The tale opens describing the castle of Gormenghast, and those who make their homes outside its walls. The reader learns that an heir has finally been born to the 76th Earl; the major characters are introduced, each one of them startlingly strange, unique, eccentric (they've been dubbed grotesques, I hear), encased in a world of ritual and tradition. Things move at a perfect pace. Look closely, it's not slow at all--the stage is being set. Ever word is pure vision, and nearly every sentence rambles--the prose is delicious. Peake is bolder than, unafraid to tackle subjects the latter would have found disturbing and somewhat embarrassing. The transformation of a character (I'll not tell which) is fascinating to follow. The "villain" would give Shakespeare's Richard III a run for his money. To say too much more would be a sort of betrayal, and I will not.
I enjoyed Titus Groan immensely; finishing it, I followed the words with my fingers, opening my eyes wide. It left a little ache in my chest--left me in a state of wonder. The drawings of Peake's that accompany the text are absolutely amazing. I gazed at the one at the end of the final page for a span of minutes, maybe, then shut the book. It took a while for me to recover enough to begin the sequel, Gormenghast.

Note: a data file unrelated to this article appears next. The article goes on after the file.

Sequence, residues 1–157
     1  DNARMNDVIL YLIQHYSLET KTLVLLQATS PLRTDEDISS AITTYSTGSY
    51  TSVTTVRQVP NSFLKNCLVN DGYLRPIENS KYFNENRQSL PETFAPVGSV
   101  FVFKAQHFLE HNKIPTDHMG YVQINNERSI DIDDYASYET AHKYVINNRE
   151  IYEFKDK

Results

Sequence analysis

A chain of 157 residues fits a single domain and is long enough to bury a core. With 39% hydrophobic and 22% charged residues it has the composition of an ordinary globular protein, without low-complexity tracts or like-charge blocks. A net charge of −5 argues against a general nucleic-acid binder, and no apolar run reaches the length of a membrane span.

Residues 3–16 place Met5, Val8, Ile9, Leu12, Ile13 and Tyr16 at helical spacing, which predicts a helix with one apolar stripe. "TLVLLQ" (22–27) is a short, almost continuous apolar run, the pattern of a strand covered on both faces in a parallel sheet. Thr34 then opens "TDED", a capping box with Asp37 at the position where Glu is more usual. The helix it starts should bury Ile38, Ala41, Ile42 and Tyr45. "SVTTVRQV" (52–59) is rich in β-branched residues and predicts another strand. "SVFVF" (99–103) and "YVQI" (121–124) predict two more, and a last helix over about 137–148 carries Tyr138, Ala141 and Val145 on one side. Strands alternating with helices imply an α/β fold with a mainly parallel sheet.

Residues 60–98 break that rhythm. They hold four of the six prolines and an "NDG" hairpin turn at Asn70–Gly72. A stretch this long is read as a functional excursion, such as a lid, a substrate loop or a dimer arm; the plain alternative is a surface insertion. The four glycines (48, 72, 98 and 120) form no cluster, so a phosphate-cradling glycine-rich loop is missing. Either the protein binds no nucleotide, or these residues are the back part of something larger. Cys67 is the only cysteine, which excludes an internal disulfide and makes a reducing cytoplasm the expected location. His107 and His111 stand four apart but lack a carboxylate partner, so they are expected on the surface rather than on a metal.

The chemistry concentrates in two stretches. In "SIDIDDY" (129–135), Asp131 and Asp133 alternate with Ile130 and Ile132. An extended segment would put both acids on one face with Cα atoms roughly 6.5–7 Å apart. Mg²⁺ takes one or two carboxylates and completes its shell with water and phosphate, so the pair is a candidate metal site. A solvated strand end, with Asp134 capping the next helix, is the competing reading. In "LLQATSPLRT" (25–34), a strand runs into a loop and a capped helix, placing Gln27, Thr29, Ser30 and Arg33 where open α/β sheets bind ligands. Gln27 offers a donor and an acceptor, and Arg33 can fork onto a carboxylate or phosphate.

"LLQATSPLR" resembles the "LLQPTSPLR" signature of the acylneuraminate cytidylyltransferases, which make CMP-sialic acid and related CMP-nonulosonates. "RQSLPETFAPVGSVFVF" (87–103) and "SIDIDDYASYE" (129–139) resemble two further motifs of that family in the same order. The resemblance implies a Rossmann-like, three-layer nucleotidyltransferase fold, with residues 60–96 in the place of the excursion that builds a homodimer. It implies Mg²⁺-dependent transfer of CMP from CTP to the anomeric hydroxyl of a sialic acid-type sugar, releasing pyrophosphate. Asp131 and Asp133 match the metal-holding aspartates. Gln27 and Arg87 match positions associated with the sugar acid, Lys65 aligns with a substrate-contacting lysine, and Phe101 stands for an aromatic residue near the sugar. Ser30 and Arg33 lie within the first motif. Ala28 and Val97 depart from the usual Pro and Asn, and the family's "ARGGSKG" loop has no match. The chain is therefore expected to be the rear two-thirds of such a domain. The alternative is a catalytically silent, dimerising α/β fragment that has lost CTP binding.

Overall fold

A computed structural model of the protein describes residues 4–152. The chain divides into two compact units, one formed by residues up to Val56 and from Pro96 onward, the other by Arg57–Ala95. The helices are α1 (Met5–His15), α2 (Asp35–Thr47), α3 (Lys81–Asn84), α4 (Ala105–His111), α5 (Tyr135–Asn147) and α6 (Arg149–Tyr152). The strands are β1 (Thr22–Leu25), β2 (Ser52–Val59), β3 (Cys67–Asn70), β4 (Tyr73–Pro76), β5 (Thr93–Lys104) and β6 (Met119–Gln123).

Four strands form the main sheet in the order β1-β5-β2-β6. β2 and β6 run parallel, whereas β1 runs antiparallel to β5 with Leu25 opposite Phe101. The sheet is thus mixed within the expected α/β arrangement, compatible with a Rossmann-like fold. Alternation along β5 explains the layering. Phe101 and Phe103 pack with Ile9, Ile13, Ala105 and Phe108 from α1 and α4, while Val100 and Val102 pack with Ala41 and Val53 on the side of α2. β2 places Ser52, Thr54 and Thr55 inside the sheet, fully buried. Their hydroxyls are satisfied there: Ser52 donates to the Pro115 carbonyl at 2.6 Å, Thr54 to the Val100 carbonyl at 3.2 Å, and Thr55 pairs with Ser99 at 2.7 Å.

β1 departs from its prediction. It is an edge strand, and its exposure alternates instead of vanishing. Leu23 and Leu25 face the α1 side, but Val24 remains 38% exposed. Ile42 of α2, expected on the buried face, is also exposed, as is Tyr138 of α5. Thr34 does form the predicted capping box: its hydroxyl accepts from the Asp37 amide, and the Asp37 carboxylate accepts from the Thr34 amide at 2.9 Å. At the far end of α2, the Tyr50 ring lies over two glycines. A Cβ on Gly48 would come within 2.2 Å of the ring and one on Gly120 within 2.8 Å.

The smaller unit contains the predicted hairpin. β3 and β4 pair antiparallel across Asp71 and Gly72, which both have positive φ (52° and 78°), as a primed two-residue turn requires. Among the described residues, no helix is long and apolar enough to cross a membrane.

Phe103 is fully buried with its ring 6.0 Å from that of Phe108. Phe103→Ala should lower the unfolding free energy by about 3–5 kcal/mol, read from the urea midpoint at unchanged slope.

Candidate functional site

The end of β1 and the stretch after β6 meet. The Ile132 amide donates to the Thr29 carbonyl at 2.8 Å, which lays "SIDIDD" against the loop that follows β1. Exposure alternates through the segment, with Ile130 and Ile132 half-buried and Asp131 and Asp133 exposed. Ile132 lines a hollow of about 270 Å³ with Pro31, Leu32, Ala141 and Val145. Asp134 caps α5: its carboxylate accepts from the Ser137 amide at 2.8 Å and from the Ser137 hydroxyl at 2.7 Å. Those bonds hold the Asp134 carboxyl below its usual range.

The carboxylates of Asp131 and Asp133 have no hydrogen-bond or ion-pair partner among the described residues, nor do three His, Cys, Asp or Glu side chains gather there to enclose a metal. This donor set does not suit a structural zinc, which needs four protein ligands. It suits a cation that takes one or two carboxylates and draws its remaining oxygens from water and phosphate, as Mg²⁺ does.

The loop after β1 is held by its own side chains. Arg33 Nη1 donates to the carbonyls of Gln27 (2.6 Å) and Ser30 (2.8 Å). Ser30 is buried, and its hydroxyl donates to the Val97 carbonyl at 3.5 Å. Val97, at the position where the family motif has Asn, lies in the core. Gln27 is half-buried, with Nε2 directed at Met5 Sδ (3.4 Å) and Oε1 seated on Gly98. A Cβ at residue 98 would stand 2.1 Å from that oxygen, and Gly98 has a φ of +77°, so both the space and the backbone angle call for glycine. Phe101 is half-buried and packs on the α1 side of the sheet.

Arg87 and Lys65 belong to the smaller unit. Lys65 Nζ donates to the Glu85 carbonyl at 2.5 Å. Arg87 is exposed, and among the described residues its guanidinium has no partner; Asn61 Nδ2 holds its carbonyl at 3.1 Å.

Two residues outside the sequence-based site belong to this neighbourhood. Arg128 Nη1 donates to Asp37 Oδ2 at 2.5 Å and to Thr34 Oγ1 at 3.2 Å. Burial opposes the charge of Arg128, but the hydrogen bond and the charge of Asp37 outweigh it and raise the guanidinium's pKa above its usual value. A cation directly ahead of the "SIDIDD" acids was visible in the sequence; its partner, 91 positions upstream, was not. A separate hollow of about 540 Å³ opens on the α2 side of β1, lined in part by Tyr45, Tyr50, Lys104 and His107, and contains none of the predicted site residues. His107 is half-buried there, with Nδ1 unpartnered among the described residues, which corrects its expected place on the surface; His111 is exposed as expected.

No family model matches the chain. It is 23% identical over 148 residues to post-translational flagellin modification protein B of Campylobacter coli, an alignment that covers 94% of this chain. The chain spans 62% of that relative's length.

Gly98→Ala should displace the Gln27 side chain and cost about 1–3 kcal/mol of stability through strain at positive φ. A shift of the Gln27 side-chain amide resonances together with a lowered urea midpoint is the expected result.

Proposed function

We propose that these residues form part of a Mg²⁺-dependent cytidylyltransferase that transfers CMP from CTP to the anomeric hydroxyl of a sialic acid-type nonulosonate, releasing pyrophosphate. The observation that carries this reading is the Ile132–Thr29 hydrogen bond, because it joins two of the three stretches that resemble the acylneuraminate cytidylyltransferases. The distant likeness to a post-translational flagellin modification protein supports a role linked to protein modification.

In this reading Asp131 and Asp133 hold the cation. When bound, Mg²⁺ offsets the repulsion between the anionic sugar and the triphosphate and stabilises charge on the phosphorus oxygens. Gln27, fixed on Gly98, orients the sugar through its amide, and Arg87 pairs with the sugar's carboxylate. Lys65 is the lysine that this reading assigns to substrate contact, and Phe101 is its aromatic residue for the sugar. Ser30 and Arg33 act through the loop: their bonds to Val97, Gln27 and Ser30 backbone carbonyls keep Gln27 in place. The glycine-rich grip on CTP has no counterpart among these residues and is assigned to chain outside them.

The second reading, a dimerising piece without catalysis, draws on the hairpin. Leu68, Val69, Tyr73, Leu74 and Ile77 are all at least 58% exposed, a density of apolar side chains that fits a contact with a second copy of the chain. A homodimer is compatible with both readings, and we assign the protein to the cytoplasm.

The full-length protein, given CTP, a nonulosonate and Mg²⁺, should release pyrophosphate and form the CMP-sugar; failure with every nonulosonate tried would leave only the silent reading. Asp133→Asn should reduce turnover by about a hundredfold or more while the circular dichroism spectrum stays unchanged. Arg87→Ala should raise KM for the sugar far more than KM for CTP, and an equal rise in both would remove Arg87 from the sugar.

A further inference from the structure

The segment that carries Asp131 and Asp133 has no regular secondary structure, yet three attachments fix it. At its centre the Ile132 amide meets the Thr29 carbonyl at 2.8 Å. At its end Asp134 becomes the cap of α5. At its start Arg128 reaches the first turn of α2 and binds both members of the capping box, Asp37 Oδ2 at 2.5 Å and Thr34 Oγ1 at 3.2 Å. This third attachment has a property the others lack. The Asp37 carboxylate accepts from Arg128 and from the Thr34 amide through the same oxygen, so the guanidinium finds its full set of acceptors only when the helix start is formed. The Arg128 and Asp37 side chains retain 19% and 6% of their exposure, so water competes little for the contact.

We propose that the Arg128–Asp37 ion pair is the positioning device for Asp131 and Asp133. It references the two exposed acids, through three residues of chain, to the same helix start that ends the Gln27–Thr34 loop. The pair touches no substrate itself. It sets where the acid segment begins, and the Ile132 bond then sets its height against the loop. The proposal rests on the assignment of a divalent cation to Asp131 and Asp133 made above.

By , and
Being a devoted Pratchett fan, I snapped this one up the moment I saw it. I expected it to be a thoroughly silly book, and it was, but not in the way that I expected it to be. I was expecting a book, written mostly by a couple of Discworld fans with a little input from Pterry himself, about how the Discworld "works". Instead, the book might aptly be titled A Brief History of Time, with Wizards.
The conceit is that an accident in the High Energy Magic Building at Unseen University has caused the creation of a small, bizarre universe--one completely without magic. The wizards are baffled as they watch it evolve. Suns and planets form, and eventually life forms appear on one planet (not) surprisingly like our own.